Have you thought about owning fish but you’re not sure if you’re ready for the responsibility that comes with the upkeep attached to the little buggers? Maybe you enjoy incorporating fresh herbs into your meals but you don’t exactly have a green thumb. Well, now there’s an answer to both dilemmas with an aquaponics system called the Water Garden. It’s a self-cleaning fish tank with an auto-feeding feature that amounts to minimal maintenance while allowing you to grow fresh herbs at home. It’s perfect for beginner fish owners and gardeners with limited space or know-how.
Not Your Average Fish Tank
Already in its second generation, the new Water Garden is a multi-tasking environment for both hobbies. Its unique design takes the normally toxic ammonia that fish excrete and uses it to feed the plants in the grow bed above. How can this be, you say? Easy. It’s done through a pump and, as it turns out, the ammonia-rich waste makes excellent plant food. Yes, consuming herbs fertilized by your fish may sound a little off-putting, but the aquaponic process allows the plants to grow at twice their normal rate, as compared to traditional gardening methods.
Water Pumps & Filtration Systems
One of the best features about this setup is that once the ammonia has been pumped up top, fresh water is then filtered back down below where your fish are pleasantly swimming about unaware of the entire process. What this means for you — besides the fact your fish are clueless — is almost no cleaning of your fish tank due to the handy-dandy low-maintenance, self-cleaning system your fish would be calling home right about now, were you to own one.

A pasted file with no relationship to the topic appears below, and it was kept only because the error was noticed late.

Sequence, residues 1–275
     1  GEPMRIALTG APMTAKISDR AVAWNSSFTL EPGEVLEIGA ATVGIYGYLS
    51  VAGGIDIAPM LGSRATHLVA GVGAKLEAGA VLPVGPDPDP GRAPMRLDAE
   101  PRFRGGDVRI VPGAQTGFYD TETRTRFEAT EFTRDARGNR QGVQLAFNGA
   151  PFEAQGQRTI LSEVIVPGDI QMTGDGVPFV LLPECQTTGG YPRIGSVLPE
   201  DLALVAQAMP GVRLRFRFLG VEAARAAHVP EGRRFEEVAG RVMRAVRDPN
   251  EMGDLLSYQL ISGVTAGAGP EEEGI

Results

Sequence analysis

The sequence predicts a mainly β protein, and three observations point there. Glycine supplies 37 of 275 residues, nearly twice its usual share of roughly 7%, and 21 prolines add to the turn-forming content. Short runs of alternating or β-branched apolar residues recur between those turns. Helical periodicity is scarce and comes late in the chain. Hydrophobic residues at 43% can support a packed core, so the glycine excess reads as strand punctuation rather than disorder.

Limited Space & Convenience
The unit itself, designed by Pablo Velazquez of Daylight Design, resembles one of those large water filter carafes you get for home use, only with plants on the lid and a fish or two swimming around inside. If you live in a small space or an apartment the Water Garden might be the answer to keeping fish and having an herb garden. Besides the fact it would fit in nicely with your limited surroundings, it’s quite the conversation starter. A friend of mine has one sans the added herb garden. He keeps it on the kitchen counter and guests always ask about it.
Owning fish carries with it certain responsibilities, as does any caretaking position. But small fish tanks and fishbowls are a great way to build up to larger tanks or realizing you just don’t have the time or interest you thought you might have had. If you do decide to go this route, make sure to choose fish appropriate for the environment you’ll be providing, e.g., freshwater fish, fish that don’t need warmer temps, fish that can live solo, fish that thrive best in pairs or groups and fish that fight.
By taking all of these factors into account, you and your scaly new pal or pals could be enjoying the benefits of aquaponics in no time.